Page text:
Japan blasted over human trafficking


The United States said Monday that Japan is not doing enough to fight human trafficking, putting it on a special watch list of countries that are on the verge of falling into the worst category.

In its annual report on human trafficking, the U.S. State Department urged Japan to employ all resources and boost efforts to combat the problem, including increasing investigations, prosecutions and convictions of trafficking crimes and providing better assistance to victims. “Japan is a destination country for Asian, Latin American and Eastern European women and children trafficked for the purposes of forced labor and sexual exploitation,” the report says. “Japan’s trafficking problem is large and Japanese organized crime groups that operate internationally are involved.”

The department put Japan, which was designated as a Tier 2 country in last year’s report, on the newly created Tier 2 Watch List, citing a lack of a comprehensive law against human trafficking and victim protection efforts.

The National Police Agency declared in March that only 83 women were trafficked into Japan and forced to work in the sex industry in the whole of 2003, up 28 from the previous year.

John Miller, director of the State Department’s Office to Monitor and Combat Trafficking in Persons, said at a news conference, “We believe that there has been a tremendous gap in Japan that has a huge problem with slavery, particularly sex slavery, a tremendous gap between the size of the problem and the resources and efforts devoted to addressing the problem.”

Colombian Ambassador to Japan Francisco Sierra, who also attended the news conference, said 4,000 women from his country have been trafficked to Japan for sexual exploitation and other purposes, urging the Japanese government to tackle the problem.

The U.S. Trafficking Victims Protection Act, enacted in October 2000, requires the department to submit an annual report to Congress on the status of severe forms of human trafficking.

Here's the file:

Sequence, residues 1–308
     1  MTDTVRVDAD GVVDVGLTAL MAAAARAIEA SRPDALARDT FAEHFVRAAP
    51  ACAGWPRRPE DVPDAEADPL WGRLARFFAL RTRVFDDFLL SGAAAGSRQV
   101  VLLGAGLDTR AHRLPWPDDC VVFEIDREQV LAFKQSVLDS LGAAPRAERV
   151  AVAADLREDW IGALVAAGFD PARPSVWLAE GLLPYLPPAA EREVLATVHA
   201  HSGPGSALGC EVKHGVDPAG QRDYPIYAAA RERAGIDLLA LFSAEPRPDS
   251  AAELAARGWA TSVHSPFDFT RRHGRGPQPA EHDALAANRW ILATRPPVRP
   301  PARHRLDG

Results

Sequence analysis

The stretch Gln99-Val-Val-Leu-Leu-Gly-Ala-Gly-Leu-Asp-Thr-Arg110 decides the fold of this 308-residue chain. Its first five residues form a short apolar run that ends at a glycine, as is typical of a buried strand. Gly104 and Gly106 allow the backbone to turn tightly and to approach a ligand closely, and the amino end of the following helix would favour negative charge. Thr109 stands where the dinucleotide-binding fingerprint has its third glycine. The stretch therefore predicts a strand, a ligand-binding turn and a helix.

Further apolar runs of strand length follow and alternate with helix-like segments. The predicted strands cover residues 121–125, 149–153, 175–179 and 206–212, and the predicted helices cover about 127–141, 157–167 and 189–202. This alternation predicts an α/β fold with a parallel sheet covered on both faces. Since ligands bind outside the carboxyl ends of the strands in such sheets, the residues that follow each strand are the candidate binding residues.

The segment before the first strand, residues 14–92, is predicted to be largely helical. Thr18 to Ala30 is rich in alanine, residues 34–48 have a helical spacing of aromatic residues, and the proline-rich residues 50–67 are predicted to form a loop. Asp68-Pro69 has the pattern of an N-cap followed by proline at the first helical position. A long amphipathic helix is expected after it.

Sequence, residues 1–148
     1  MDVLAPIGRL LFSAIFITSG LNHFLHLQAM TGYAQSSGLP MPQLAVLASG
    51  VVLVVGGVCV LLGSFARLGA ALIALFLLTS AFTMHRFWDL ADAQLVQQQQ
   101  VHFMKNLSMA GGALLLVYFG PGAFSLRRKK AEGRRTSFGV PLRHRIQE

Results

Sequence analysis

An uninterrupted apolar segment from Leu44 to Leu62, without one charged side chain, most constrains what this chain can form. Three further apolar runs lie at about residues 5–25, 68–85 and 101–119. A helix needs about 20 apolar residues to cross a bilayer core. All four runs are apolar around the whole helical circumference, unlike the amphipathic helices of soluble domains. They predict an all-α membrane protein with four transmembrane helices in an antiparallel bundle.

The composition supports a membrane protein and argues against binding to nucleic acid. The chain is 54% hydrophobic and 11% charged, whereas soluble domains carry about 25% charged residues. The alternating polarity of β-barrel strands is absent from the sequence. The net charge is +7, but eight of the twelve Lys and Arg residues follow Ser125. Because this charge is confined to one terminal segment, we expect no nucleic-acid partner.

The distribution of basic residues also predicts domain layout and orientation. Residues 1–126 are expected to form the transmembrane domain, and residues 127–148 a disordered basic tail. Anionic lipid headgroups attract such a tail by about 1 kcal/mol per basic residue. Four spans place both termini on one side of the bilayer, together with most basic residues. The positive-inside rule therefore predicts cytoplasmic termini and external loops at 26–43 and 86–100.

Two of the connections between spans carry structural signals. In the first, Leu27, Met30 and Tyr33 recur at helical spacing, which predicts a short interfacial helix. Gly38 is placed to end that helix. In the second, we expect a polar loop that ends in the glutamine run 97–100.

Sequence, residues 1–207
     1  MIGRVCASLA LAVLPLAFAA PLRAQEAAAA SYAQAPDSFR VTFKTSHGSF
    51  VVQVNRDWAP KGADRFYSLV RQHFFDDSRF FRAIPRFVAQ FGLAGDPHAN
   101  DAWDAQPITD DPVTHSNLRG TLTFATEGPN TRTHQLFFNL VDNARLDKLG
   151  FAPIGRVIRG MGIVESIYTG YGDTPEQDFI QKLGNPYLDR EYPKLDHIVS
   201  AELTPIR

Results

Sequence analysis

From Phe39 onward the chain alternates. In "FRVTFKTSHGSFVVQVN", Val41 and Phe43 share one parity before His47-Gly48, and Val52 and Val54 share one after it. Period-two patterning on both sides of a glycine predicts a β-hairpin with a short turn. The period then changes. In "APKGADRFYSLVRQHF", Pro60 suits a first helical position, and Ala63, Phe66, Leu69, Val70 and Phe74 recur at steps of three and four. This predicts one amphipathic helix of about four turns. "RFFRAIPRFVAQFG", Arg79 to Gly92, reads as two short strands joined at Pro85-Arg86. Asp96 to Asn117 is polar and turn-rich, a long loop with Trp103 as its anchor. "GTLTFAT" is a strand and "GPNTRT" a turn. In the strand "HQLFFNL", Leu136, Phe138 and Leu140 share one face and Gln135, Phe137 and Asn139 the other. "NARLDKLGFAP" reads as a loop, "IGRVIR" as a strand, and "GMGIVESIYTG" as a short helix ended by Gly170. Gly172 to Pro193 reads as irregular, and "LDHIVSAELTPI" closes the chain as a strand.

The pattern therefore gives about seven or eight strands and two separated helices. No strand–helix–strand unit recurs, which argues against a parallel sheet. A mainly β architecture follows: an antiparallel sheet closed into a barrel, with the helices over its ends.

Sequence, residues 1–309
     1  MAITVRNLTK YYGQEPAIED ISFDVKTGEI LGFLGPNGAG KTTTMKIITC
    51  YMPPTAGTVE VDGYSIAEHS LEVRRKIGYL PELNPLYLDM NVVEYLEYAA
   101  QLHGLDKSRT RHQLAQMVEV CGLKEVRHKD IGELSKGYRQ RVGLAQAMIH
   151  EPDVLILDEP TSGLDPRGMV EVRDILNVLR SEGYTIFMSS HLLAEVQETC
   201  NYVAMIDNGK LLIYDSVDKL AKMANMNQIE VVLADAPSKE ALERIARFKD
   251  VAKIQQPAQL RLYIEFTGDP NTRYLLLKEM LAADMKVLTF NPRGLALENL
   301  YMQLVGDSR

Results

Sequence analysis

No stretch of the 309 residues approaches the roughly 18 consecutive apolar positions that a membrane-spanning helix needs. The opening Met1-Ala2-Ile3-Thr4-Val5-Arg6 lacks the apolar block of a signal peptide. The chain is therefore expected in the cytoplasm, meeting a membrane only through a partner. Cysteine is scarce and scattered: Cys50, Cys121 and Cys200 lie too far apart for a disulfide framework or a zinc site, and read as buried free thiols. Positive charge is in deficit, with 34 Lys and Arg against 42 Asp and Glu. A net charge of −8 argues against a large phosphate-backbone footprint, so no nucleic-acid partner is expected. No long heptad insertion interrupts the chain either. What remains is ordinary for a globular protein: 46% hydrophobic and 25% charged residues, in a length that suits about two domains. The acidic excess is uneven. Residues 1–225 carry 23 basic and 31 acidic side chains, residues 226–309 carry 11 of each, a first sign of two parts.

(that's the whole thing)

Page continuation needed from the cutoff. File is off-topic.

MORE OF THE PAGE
Under the act, the department classifies countries into three tiers.

The worst, Tier 3, represents a group of countries that do not fully comply with the act’s minimum standards and are making insignificant efforts to reach compliance.

These countries could be subject to cutoffs in nonhumanitarian and nontrade-related U.S. aid, such as military, educational and cultural assistance, unless they improve their records in the coming months.

Tier 2 countries do not fully comply but are making significant efforts to bring themselves into compliance, while Tier 1 nations are in full compliance with the act’s minimum standards.

This year, the department introduced the Tier 2 Watch List category for countries that are in the danger of falling into the Tier 3 category in next year’s report.

In this year’s report, the department singled out 10 countries, including North Korea and Myanmar, as Tier 3 nations, down from 15 the year before.

The other Tier 3 countries this year are Bangladesh, Cuba, Ecuador, Equatorial Guinea, Guyana, Sierra Leone, Sudan and Venezuela.

The department put a total of 42 countries on the newly created Tier 2 Watch List, including Georgia, India, Laos, Mexico, the Philippines and Russia, in addition to Japan.

Japan, which lacks a comprehensive law against human trafficking, currently employs the Penal Code and a variety of labor, immigration and child-welfare statutes to carry out limited trafficking-related prosecutions, the report says.

“These laws provide for up to 10-year prison terms and steep fines, but actual penalties have been far less severe,” it says.

At the news conference, Miller, who visited Japan in February, also said Japan lacks efforts to protect victims of human trafficking.

“If you look at the victim-protection effort, when the victims number in the thousands, I found only two small shelters in Japan willing to take trafficking victims,” he said. “I visited them both. They each have eight to 10 beds.”

Miller urged Japan to assume greater leadership in the fight against human trafficking as “one of the leading and wealthiest democracies in the world.”

“If Japan takes the lead and takes the steps that they have indicated that they will take, this will be a big, big step forward,” he said.

Countermeasures eyed

Staff report Senior government officials said Tuesday they intend to step up measures against human trafficking after Japan was placed on a U.S. government watch list for its lack of efforts in eradicating the practice.

Chief Cabinet Secretary Hiroyuki Hosoda told his regularly scheduled news conference that the government will work closely with relevant ministries and agencies to bolster steps to prevent human trafficking.

The government in April set up a liaison body grouping four ministries and agencies to deal with the problem. The group’s main aim is to have the Diet ratify a United Nations protocol to prevent human trafficking during its next ordinary session.